Goodbye Coney Island?
Coney Island was always a contested playground. Disputes over land use occurred at every stage of its evolution from a remote seventeenth- and eighteenth-century farming area to the world’s amusement capital about 1900. Seventeenth-century power grabs by Dutch and English colonialists, late nineteenth-century corruption scandals, strict management by New York City Parks Commissioner Robert Moses in the mid-twentieth century, and present-day real estate speculations over valuable beachfront property are all part of the history of this small stretch of land on the Atlantic Ocean that has become synonymous with guilt-free fun and irreverent entertainment. In the past few years, structured attempts to rejuvenate the area have increased, signaling an interest in preserving Coney Island’s character and its accessibility for a socially and ethnically diverse audience. At the same time, developers have presented elaborate commercial and residential schemes that many fear would dramatically alter the nature of Coney.
With changes anticipated in the near future, this exhibition of photographs, most of them from the Brooklyn Museum collection, traces the evolution of Coney Island as an entertainment haven over the past 125 years. What will come out of the renewal efforts remains uncertain at the time of the preparations for this show. It seems likely, however, that Coney Island will yet again change guise as a new incarnation takes shape in the next decade.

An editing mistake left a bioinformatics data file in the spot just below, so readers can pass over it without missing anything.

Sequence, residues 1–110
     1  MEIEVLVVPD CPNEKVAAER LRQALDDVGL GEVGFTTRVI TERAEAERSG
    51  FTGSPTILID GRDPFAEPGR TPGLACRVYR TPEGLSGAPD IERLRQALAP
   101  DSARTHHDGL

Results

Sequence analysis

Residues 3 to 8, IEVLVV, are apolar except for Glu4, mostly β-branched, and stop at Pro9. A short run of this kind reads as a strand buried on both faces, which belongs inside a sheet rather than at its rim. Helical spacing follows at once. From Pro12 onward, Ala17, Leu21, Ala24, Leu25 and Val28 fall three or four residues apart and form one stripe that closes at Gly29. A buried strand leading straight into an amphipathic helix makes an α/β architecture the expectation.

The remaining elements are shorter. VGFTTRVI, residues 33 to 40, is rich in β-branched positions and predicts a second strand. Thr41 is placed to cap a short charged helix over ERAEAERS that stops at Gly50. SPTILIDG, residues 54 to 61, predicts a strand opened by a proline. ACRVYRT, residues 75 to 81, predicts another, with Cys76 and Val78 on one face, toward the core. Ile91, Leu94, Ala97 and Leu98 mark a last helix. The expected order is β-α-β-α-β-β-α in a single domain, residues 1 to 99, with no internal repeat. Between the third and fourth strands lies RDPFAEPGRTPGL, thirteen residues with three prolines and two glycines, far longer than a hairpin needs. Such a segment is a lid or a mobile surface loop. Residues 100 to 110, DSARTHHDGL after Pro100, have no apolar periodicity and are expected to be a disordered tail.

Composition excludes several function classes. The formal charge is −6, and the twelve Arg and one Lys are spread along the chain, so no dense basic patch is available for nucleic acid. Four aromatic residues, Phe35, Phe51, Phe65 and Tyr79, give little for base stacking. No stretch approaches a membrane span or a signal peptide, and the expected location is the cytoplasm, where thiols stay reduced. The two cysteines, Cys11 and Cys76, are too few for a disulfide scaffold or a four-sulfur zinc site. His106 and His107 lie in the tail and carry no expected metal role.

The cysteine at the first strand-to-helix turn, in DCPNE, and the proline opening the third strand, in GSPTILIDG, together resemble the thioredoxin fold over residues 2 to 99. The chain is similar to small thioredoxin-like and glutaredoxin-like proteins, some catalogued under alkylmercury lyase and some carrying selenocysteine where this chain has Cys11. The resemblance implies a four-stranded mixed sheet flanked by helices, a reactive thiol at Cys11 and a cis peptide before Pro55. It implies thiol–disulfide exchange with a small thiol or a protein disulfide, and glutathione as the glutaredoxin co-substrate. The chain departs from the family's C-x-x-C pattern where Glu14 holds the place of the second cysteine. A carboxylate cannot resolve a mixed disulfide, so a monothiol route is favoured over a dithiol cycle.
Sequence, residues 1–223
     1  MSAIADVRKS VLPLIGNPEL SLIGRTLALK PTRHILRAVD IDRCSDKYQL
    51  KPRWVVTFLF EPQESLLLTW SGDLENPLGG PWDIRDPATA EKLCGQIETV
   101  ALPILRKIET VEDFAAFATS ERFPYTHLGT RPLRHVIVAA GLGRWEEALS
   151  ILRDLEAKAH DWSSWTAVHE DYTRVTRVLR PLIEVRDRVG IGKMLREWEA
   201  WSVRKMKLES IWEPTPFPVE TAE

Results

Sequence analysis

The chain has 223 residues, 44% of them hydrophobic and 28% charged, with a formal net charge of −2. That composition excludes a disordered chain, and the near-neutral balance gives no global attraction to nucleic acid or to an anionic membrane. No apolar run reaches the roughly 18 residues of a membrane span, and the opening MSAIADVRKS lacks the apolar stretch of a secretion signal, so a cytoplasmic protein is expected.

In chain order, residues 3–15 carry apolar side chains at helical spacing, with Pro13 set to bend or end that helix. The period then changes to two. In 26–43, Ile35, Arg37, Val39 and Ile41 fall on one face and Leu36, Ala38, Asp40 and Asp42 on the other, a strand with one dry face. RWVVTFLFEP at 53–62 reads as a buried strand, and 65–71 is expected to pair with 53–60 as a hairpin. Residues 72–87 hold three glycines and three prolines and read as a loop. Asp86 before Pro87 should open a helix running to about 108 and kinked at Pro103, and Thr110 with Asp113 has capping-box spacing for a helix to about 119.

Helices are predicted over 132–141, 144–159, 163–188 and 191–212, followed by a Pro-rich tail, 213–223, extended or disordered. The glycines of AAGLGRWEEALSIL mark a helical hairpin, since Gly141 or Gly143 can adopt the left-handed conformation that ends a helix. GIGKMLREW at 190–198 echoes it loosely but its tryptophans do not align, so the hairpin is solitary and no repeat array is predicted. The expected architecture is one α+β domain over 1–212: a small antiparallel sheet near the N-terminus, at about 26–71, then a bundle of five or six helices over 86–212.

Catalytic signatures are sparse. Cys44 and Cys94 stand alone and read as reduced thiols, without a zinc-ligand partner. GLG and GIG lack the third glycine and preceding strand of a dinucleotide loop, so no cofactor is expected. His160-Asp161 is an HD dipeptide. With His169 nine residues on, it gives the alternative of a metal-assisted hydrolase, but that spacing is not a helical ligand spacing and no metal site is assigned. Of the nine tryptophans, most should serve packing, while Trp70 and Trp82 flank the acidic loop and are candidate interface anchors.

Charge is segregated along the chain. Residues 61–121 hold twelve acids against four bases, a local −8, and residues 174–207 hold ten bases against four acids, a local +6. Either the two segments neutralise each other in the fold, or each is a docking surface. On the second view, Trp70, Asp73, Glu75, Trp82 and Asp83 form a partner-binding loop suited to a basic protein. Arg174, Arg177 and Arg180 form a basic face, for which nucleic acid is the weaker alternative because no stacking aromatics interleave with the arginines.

Associate Curator of Photography
Coney Island is a narrow, four-mile stretch of land in southern Brooklyn, not quite ten miles from Manhattan. Originally separated from the mainland by a small creek that was filled in during the first half of the nineteenth century, it was the westernmost of the barrier islands on the south shore of Long Island. It was here that Henry Hudson anchored his ship, the Half Moon, when he first arrived with the Dutch East India Company in 1609. The name Coney Island probably derives from the Dutch Conyne Eylandt (Rabbit Island), an epithet used by the first Dutch settlers in the seventeenth century who ousted the indigenous Canarsie population and used the rabbit-filled land as grazing ground for their farm animals. Until the early nineteenth century, only a few farmhouses occupied the mostly uninhabited island.